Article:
Before you fall in love with your little machine, spend a moment marveling that it’s actually nothing more than a pile of plastic, silicon, and glass. Most PalmPilot models are 4.7 inches tall, 3.1 inches wide, and 0.6 inches thick (the Palm V is shorter and half as thick; the Palm VII is slightly taller). It weighs between 4 and 6 ounces and has a 160-pixel-square grayscale, touch-sensitive screen. A Motorola 68328 (Dragonball) processor chip inside runs a special operating system called the Palm OS that—talk about optimized!—uses only about 40K of memory. (If you’re keeping score at home, that’s about one-quarter of 1 percent of the memory required by Windows 9x.)
The PalmPilot has no moving parts and doesn’t accept disks of any kind; everything it knows is stored in memory, which helps explain why this machine is so fast and so rugged. Many of the usual encumbrances and trouble spots of actual computers simply don’t exist on the PalmPilot. For example, there’s no startup delay when you press the power button. Nor is there a Save command; your work in progress is always kept up-to-date automatically. A “launching pad” screen lists all your programs and lets you choose which to work with—but programs load instantaneously, and there’s no Quit command. You eventually come to feel as though all your programs are always running.
The PalmPilot has no keyboard, either; to get information into it, you can either “write” on the glass, tap a tiny onscreen keyboard, or transfer stuff from your real computer. These data-input methods will be covered in depth in Chapter 3, and Chapter 6.
Because it has no keyboard and no mouse, you operate the device by tapping its surface with two important pointing devices: (a) the stylus, the inkless pen tucked into a pocket at the edge of the machine, and (b) your finger.
Using your finger, you can press any of the four round buttons near the bottom of the PalmPilot. These plastic buttons are called the hardware buttons; they’re real, physical buttons that depress when pushed, unlike the painted-on glass buttons you’ll read about shortly. Each of these buttons launches one of the PalmPilot’s primary built-in programs. As a handy shortcut, each of these buttons also turns the device on before launching the appropriate program, saving you a step if you’re in a hurry to get going. Put another way, the PalmPilot has five On buttons. (See Figure 1.1.)
When you first buy a PalmPilot, the four hardware buttons are assigned to the Calendar, Phone Book, To Do list, and Memo pad programs, respectively—and labeled with appropriate icons. However, you can reassign these buttons to launch other programs instead; see Chapter 2, for details. For now, just remember that if you never use the To Do list, for example, you may as well teach it to launch, say, Space Invaders instead.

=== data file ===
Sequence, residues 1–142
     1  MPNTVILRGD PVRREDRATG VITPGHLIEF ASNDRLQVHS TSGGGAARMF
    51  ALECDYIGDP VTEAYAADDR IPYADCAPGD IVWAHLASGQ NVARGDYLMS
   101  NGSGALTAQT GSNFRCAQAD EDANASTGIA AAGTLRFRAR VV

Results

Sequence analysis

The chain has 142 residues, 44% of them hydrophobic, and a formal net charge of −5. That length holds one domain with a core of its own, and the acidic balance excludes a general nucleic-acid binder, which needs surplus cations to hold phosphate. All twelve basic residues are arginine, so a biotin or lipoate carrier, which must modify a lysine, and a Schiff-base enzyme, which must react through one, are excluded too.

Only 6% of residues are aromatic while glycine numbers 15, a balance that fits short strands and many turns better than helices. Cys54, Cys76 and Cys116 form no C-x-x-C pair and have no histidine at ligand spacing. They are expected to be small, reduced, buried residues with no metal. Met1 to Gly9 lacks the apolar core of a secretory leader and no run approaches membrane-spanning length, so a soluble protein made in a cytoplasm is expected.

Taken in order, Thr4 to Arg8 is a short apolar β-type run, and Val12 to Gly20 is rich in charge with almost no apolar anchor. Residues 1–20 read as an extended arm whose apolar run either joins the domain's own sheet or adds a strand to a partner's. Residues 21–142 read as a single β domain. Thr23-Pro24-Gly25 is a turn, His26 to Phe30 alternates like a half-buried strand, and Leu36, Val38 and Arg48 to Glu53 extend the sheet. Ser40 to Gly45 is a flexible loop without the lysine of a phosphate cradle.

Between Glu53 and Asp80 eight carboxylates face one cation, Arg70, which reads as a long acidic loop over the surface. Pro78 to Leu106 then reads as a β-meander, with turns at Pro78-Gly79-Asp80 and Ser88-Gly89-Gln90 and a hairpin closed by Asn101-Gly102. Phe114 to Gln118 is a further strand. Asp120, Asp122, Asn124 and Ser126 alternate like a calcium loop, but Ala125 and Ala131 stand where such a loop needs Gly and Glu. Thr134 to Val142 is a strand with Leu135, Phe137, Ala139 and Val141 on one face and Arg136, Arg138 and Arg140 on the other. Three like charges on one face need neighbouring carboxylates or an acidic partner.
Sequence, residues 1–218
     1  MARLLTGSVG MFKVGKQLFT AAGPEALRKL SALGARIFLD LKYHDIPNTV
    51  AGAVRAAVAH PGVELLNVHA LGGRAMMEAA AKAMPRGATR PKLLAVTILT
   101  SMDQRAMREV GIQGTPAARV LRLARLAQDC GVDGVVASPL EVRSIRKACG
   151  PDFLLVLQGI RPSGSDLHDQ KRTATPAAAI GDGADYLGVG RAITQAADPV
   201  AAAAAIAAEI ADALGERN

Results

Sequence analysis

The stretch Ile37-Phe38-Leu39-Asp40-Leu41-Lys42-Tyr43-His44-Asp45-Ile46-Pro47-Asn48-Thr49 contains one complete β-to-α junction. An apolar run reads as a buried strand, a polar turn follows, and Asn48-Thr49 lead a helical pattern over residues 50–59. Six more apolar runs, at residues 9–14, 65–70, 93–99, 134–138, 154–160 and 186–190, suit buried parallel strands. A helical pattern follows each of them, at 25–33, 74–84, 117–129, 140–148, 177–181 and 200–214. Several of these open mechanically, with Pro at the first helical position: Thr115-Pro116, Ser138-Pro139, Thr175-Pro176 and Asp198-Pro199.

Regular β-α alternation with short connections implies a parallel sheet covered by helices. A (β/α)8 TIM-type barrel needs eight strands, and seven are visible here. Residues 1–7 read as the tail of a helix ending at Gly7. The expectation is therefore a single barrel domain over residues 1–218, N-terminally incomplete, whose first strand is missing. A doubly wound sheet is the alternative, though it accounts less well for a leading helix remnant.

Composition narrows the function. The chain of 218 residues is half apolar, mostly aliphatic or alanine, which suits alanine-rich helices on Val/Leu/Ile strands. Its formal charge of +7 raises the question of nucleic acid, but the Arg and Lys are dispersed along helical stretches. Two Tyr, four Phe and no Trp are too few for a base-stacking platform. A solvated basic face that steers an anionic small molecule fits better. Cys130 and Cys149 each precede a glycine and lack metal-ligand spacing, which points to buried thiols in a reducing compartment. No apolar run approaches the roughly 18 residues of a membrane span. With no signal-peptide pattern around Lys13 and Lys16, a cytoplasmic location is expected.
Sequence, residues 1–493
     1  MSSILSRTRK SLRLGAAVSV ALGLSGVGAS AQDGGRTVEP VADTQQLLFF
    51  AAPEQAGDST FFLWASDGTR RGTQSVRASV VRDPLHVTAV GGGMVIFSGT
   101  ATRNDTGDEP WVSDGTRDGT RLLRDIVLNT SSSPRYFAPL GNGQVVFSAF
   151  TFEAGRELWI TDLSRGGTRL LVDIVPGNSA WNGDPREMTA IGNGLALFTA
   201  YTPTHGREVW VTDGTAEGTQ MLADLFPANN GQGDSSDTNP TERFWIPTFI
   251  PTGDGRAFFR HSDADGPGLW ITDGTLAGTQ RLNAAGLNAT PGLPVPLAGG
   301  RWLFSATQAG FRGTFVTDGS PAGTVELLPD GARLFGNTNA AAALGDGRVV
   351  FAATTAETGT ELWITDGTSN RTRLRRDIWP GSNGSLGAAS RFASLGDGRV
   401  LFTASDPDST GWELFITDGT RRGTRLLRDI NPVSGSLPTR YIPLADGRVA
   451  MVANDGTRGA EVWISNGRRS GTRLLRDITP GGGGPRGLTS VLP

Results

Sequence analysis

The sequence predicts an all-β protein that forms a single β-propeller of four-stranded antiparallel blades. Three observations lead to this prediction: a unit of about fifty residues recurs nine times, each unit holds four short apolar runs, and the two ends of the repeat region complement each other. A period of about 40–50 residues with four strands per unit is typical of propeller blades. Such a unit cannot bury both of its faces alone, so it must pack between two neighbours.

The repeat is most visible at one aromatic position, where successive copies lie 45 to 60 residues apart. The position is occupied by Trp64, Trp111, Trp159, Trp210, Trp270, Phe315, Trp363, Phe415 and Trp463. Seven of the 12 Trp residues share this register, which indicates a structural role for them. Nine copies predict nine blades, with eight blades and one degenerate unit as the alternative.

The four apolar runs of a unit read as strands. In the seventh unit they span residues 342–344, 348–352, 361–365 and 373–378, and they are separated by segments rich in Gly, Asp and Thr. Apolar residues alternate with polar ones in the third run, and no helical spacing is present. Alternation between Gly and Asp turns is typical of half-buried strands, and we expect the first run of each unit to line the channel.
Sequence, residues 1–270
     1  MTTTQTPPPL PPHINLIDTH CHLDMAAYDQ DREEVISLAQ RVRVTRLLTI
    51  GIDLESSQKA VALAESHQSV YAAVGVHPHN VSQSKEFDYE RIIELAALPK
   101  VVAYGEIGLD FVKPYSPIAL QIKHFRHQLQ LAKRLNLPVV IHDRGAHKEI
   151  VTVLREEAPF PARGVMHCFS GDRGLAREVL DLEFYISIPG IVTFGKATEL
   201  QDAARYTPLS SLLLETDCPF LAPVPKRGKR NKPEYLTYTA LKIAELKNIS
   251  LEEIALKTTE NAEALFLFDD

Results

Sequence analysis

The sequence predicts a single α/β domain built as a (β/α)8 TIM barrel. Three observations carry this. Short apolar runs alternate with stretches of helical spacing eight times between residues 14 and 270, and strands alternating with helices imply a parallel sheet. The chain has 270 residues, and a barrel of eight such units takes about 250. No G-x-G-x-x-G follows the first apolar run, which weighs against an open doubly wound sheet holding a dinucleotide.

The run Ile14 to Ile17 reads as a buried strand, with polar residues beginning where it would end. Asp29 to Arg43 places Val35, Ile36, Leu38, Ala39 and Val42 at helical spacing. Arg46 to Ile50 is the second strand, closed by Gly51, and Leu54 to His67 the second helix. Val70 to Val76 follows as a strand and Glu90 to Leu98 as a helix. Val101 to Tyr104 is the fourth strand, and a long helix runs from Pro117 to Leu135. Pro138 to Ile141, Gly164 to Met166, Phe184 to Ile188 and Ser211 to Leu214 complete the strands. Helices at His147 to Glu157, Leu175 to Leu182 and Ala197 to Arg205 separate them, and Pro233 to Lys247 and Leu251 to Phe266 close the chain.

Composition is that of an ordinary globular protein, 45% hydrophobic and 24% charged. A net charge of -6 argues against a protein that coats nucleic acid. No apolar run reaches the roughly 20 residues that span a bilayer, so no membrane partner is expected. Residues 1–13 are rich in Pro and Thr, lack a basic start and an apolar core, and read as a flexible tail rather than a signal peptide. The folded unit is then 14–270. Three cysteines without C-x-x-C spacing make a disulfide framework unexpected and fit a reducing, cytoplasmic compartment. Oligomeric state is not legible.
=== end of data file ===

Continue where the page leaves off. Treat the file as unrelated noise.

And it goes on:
Nestled in the center of these four buttons are two smaller buttons. (On recent models, they’re opposite ends of a single rocker switch.) These are the up and down scroll buttons, which let you view information “above” or “below” what’s currently on the screen. For example, if you’re reading a novel, press the bottom scroll button to see the next page of text. (Among fans of Palm books—and there are many such fans and many such books—a gripping novel isn’t described as “a real page-turner”; it’s called “a real button-pusher.”)
In addition to the four gray plastic buttons, your PalmPilot has four important “buttons” painted on the bottom part of the glass screen. These round tappable areas are sometimes called silk buttons or silkscreened buttons, because they’ve been painted onto the glass using a silkscreening method. On older models these icon/buttons have written labels; on the Palm IIIx, Palm VII, and so on, you’ll just have to pretend. Here’s what they do:
Tap this button, either with the stylus or your finger, to view the master launching-pad for all your programs, as shown in Figure 1.2.
Figure 1-2. Tap the Applications button to display your application-launching screen. Use the scroll buttons to view extra programs if you have more than 12.
If you have more than 12 programs on your PalmPilot—and by the time you’re finished with this book, you probably will—you’ll have to scroll down to see additional screens. To scroll, either press one of the plastic scroll buttons with your finger, or tap one of the up/down triangle buttons on the scroll bar shown in Figure 1.2.
The need for scrolling if you have more than 12 programs installed has inspired the world’s programmers to create superior program-launching methods. For example, the program called SwitchHack (included on the CD-ROM that accompanies this book) offers you a handy list, as shown in Figure 1.3, on the left. Switching among programs is as easy as choosing from a list. (See Appendix A, for details on SwitchHack.) Similarly, on the Palm III and later models, you’re offered a list view that fits many more application icons on a single screen (see Figure 1.3, right).
Figure 1-3. With one stylus stroke, summon your list of recently opened programs, bypassing the Applications screen, thanks to SwitchHack (left). Alternatively, you can use the list view of the Palm III and later models (right): tap Menu → Options → Preferences → List → OK.
Once you become skilled at the Graffiti alphabet (see Chapter 3), you don’t have to press the scroll buttons to bring more applications into view on your Applications launcher screen. Instead, it’s often faster to write the first letter of the program you want in the Graffiti writing area. The Applications screen scrolls instantly to the nearest alphabetical match.